Buenos Aires: Overhyped, Annoying, and… Awesome?
Argentina was losing — something it hates to do. Somewhere shortly before the third successful attempt at a goal by the Germans, out of the crowd of thousands gathered to watch the World Cup match on TV in the middle of the Avenida 9 de Julio, came Juan. He put his arms around me and smiled.
“What the hell are you doing here,” he asked, eyes twinkling.
It seemed like he already knew, and even if he didn’t, it wasn’t important. But he still wanted to curse — just for effect. This makes him like a lot of other people in Buenos Aires.
Sloshed on Quilmes beer, my new best friend began to complain, and bitterly. He was angry at Argentina, at Maradona. But he was also angry about other things — about life in his hometown, where it seemed, he thought, you could never make enough money. Try as he might, Juan confided, he just couldn’t gain any traction with the fairer sex.
He demanded to know: Which team did I like? Considering the fact that we were in a free-wheeling city like Buenos Aires and considering that Juan was practically hanging off me at this point, I wasn’t sure if we were talking about soccer or sex. Figuring he might just be drunk and need something to hold on to, I guessed at the former, swearing up and down that I hated the Germans.
Even if I didn’t, by that point I certainly wouldn’t have come clean; just a few moments earlier, a group of pretty blonde girls staying at the hotel across the avenue had been waving the old Red, Yellow & Black. By goal number two, a large portion of the crowd had turned in their direction, screaming at them to shut up and go home. It was a nice little moment.
Satisfied at least in part, Juan stumbled off into the increasingly disgruntled crowd, leaving me to watch the game with two friends, Joel and Leo. Joel is from Chicago and couldn’t have cared less about who won. Not so Leo, who lives down the street. Normally a mild-mannered individual, Leo wasn’t much happier than Juan at this point, headbutting me in the shoulder every time Argentina did something stupid. If you saw the game, you already know this happened a lot.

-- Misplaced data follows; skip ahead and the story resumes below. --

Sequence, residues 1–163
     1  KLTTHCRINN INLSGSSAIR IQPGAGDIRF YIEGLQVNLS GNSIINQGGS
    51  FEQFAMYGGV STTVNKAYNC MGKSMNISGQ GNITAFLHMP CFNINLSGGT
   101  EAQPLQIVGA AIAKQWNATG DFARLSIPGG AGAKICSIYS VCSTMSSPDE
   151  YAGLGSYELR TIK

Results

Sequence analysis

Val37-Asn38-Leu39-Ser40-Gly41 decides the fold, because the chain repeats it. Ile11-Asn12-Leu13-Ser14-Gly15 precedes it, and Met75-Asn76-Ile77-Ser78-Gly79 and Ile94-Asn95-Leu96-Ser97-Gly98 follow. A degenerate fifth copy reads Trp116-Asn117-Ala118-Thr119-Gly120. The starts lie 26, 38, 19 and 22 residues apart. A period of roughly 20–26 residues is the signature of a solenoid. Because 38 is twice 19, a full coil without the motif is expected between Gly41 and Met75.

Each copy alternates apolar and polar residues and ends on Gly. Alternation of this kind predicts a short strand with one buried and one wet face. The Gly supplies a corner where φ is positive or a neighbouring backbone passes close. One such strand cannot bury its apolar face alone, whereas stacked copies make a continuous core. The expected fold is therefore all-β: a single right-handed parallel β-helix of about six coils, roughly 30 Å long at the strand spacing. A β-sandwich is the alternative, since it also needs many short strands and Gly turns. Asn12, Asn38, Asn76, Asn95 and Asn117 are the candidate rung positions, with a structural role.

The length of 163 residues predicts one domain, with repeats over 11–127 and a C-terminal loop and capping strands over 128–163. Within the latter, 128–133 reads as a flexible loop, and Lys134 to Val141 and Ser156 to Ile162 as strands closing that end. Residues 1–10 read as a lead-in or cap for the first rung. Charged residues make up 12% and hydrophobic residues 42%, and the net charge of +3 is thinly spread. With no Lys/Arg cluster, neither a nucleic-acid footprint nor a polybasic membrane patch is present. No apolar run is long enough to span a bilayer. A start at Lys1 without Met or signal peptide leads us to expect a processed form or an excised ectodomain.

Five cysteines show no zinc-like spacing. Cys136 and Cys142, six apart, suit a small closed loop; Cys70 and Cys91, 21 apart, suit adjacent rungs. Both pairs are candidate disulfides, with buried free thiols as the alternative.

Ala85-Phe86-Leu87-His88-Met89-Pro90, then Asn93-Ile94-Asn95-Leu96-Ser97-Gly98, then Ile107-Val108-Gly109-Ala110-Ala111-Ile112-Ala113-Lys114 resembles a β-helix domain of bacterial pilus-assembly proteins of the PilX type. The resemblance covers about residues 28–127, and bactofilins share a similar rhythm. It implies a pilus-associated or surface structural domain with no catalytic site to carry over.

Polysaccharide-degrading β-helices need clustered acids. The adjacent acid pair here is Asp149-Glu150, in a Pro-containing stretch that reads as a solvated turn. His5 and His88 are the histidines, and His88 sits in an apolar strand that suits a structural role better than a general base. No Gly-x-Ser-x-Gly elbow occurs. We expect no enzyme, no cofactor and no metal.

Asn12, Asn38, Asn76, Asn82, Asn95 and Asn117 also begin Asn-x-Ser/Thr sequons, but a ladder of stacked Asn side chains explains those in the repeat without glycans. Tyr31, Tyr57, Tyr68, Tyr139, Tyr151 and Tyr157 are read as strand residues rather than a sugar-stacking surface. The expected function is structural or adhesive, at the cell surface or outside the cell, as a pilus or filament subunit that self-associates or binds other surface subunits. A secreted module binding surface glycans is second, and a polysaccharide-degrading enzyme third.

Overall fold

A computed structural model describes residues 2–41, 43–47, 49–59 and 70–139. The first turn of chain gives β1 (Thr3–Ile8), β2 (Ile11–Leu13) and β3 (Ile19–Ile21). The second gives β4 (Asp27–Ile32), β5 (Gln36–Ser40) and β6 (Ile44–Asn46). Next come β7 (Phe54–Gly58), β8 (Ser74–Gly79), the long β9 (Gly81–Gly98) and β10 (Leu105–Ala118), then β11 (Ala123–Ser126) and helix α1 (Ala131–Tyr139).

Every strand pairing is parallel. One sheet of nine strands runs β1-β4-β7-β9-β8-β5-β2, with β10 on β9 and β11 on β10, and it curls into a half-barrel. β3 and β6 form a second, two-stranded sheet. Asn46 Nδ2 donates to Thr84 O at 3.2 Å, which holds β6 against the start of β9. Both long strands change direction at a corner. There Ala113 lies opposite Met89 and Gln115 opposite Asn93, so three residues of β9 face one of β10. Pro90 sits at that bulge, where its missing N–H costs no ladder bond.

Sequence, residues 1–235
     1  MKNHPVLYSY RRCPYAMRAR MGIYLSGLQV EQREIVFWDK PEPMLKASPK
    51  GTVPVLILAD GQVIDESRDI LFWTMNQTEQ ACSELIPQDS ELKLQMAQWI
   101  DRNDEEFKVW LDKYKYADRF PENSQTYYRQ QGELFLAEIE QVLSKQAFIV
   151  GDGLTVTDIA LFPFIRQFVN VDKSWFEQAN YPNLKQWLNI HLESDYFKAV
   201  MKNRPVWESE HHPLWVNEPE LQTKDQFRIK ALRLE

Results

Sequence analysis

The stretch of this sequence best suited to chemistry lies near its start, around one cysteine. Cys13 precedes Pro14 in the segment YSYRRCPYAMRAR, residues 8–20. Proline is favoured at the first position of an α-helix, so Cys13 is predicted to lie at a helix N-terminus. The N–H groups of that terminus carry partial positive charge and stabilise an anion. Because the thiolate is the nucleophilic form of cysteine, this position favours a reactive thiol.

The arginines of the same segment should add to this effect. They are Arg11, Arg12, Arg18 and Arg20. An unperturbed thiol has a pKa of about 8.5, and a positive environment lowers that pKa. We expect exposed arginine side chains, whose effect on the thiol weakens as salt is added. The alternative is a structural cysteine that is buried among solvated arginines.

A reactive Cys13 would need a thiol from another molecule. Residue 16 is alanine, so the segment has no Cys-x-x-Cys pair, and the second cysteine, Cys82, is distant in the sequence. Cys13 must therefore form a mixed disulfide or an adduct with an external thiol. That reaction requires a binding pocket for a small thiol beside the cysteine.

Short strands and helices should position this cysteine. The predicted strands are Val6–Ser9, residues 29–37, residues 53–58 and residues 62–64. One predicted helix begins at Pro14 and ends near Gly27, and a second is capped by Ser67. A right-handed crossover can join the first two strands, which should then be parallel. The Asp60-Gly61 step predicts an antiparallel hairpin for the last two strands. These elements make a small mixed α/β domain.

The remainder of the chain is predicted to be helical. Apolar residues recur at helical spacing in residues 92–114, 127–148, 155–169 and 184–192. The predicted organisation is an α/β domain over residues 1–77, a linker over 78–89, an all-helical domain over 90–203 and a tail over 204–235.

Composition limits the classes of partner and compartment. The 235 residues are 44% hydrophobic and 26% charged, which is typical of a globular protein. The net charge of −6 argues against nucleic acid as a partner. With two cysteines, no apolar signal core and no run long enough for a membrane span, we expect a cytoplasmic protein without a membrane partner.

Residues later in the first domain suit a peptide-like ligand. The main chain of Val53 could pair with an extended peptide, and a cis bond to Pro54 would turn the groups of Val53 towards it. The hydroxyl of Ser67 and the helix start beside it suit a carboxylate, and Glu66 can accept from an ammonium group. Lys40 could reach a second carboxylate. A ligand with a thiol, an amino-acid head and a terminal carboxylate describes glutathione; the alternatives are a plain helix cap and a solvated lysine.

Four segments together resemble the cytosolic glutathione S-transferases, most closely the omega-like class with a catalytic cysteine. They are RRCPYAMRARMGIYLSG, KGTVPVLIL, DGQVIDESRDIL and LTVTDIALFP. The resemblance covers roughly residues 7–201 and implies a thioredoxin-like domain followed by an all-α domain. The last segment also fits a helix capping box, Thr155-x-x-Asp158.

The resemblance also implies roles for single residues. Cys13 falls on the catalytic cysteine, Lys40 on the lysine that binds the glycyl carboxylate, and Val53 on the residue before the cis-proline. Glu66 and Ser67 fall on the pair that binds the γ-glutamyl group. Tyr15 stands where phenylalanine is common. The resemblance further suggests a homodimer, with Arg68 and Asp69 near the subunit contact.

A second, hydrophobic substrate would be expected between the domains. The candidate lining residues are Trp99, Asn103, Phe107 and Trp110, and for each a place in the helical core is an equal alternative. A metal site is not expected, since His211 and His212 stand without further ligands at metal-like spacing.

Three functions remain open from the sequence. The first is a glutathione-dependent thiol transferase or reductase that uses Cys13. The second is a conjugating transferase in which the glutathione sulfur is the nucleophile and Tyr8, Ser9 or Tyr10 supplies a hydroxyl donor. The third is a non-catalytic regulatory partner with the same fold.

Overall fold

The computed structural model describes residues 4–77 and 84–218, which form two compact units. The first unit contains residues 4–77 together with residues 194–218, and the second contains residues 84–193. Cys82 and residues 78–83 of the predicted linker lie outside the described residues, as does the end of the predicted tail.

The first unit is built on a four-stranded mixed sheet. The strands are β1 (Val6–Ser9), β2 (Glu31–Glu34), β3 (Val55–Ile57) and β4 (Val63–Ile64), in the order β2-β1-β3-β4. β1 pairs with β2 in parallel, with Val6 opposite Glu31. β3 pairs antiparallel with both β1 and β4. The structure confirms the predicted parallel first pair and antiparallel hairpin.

With every new failure to recapture lost glory, every new humiliation, the mood grew darker, even though, for winter, the day was gloriously sunny, approaching 80 degrees. Nice weather could provide little comfort; Argentina — defiant Argentina — had been dragged over Germany’s knee and spanked, but not in the fun way.
Let there be no lies; I enjoyed the whole sad spectacle. Memories of the previous week’s match with Mexico were still fresh; it wasn’t enough that Messi and Co. steamrolled over them, they did so with such little grace and so much whining and rolling around on the ground in mock-pain, you sort of wished Argentina harm somewhere down the road, and lots of it. A lot of it, they got.
This kind of sums up the way I feel about Buenos Aires; for me, it is the sort of place you love to death and yet, wish death to. Maybe it’s the lingering smell of the fake bird poop that the pathetic old peasants squirt on you as you walk through the downtown shopping district, in hopes that you won’t know what their game is. (It’s to help you wipe it off, and in the process, go digging through your pockets.) Maybe it’s the taxi drivers who pretend not to know how to find the top hotels in town, or the fact that the top hotels in town charge triple per night what many Porteños pay in monthly rent. There are enough petty scams going here to make Mexico seem honest.
Whatever it is, I’ve found it hard to care for Buenos Aires, the way others do. I am mystified by the deification of long-dead political figures; bored by the idea of tango as tourist attraction as I am the beaten-path blues clubs of Chicago or the tired jazz halls of New Orleans. The architecture’s fine, but it is fine in many a Latin American city. It’s really, really weird to propose that someone fly eleven hours to a place that looks a little like a dirtier Paris crossed with a more gray Madrid, when you could just go to Paris or Madrid in half the time. After a flight this long, you really should be somewhere unique, like Istanbul. Or Tokyo, or Cairo. All places that you can fly to in about the same time from New York, in case you were curious.